After a median follow-up of 7 months, preliminary efficacy results for the 48 evaluable patients found that patients in the HER2-positive cohort (n=32) and the HER2-low cohort (n=16) showed a confirmed objective response rate of 59% and 38%, respectively. Disease control rates of 91% and 75% were observed in the HER2-positive and HER2-low cohorts, respectively. Median duration of response has not yet been reached in either cohort, and follow-up is ongoing.

Median duration of treatment with trastuzumab deruxtecan was 6.5 months (range 1.4-14.0 months) in the HER2-positive cohort and 6.3 months (range 0.7-10.4 months) in the HER2-low cohort. The median duration of treatment with nivolumab was 5.2 months (range, 1.3-11.3 months) and 4.9 months (range 0.7-10.4 months) in the HER2-positive and HER2-low cohorts, respectively.

The investigators concluded that the combination was well tolerated in patients with HER2-positive or HER2-low metastatic breast cancer, providing the first data showing that trastuzumab deruxtecan may be safely combined with an immunotherapy agent, at therapeutic doses of both agents and for a meaningful treatment duration.

Physician’s Weekly asked Dr Hamilton for her perspectives:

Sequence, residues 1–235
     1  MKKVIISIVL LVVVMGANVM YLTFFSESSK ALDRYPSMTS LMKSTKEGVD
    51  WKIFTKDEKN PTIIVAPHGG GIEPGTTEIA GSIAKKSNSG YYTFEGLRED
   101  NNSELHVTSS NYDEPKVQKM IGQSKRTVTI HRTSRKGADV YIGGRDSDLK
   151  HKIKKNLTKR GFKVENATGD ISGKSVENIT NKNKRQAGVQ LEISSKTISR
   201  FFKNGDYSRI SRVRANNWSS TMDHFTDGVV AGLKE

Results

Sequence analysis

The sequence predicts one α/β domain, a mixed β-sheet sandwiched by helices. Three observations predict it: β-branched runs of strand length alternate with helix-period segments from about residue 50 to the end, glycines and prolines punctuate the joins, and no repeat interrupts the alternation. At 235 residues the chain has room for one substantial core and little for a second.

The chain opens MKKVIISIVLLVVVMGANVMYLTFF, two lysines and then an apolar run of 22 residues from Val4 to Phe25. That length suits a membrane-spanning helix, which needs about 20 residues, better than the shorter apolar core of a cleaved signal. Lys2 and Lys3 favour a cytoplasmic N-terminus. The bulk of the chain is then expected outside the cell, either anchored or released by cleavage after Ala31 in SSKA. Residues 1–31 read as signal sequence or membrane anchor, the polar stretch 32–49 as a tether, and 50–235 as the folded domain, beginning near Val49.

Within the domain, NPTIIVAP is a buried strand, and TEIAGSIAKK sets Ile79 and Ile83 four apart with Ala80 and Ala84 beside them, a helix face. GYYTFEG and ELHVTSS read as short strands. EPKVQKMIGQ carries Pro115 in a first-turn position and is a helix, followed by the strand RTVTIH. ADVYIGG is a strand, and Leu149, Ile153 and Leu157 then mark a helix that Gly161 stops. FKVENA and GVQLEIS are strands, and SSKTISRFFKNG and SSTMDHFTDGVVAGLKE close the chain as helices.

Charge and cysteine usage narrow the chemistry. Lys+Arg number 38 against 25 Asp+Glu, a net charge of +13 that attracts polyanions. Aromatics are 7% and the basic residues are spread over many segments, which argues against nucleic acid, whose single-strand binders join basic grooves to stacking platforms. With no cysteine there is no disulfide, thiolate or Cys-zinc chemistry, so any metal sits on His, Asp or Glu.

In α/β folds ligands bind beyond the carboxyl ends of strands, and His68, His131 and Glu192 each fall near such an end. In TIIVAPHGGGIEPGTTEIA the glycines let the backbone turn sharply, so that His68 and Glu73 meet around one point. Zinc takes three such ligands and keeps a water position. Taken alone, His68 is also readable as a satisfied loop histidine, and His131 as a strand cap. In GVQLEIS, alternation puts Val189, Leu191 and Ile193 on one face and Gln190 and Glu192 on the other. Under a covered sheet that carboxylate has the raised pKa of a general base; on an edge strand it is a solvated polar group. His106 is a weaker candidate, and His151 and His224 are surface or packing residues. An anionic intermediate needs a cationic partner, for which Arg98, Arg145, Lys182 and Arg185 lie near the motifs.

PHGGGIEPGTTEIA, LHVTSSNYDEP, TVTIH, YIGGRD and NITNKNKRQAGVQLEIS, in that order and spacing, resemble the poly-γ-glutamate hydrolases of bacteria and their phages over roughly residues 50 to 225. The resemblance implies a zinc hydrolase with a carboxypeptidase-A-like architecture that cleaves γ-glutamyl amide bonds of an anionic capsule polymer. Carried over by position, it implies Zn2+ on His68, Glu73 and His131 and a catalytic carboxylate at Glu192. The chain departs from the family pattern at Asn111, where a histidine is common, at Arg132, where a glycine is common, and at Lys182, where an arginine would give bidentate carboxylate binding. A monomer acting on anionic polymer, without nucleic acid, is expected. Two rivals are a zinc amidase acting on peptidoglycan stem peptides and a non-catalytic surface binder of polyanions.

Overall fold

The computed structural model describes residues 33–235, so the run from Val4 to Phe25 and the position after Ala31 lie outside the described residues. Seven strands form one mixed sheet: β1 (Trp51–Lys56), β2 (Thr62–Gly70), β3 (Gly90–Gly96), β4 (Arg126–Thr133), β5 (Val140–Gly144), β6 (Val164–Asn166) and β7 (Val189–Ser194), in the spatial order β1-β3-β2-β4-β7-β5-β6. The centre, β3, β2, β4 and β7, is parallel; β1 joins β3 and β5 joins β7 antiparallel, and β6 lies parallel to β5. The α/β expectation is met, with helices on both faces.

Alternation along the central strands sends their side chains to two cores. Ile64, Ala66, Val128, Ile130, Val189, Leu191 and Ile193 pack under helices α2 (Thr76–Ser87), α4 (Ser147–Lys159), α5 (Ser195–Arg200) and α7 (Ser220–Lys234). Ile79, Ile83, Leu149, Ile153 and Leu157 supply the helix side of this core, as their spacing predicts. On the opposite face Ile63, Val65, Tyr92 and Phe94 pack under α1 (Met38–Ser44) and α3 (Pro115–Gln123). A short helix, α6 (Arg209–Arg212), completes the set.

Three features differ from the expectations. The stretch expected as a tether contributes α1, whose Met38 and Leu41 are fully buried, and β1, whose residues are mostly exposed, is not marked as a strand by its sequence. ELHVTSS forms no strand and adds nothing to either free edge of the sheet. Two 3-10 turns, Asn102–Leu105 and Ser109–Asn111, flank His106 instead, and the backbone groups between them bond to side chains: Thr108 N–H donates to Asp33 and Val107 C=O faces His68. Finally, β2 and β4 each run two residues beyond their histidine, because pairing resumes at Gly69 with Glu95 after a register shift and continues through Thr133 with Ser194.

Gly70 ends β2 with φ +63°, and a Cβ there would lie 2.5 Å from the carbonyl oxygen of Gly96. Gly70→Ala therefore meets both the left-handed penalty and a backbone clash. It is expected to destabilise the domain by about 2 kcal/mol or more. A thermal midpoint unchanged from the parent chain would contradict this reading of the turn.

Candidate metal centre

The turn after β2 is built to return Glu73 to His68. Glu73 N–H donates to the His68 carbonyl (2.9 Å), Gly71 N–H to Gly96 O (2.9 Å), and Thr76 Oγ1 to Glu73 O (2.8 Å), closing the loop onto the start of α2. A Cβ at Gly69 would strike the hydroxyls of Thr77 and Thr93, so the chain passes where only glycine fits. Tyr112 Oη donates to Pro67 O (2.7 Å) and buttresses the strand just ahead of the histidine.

What did you learn at SABCS2020 that was practice-changing?

“This year at SABCS, it was reassuring to experience that we continue to make progress in breast cancer. There were a lot of good presentations coming out of San Antonio, we saw update to the phase 3 monarchE trial (adjuvant abemaciclib, NCT03155997). We saw a striking benefit of adjuvant CDK 4/6 inhibitor for those patients with high-risk node-positive, ER-positive disease in the adjuvant setting and also some updates about immunotherapy, in the neoadjuvant setting in particular. So, I think those were encouraging and I think we continue to make progress and hopefully, we get COVID under control and make even more progress.”

“After seeing the data, I do feel that the adjuvant CDK4/6 inhibitor data from monarchE was strong, even stronger than the neoadjuvant immunotherapy data. I think the neoadjuvant immunotherapy is really for all-comers, and immunotherapy is not without real side effects, whether that is pneumonitis, colitis, permanent diabetes. I will be excited to see that reduction in recurrence rate translate into cure before I think I would feel comfortable in offering that across the board. Conversely, for the CDK4/6 inhibitors, that was a very select population that was ultra-high risk, less serious side effects with that and so I am pretty excited to adopt that and I hope that we do not see the curves come back together like we did in PENELOPE-B (NCT01864746).”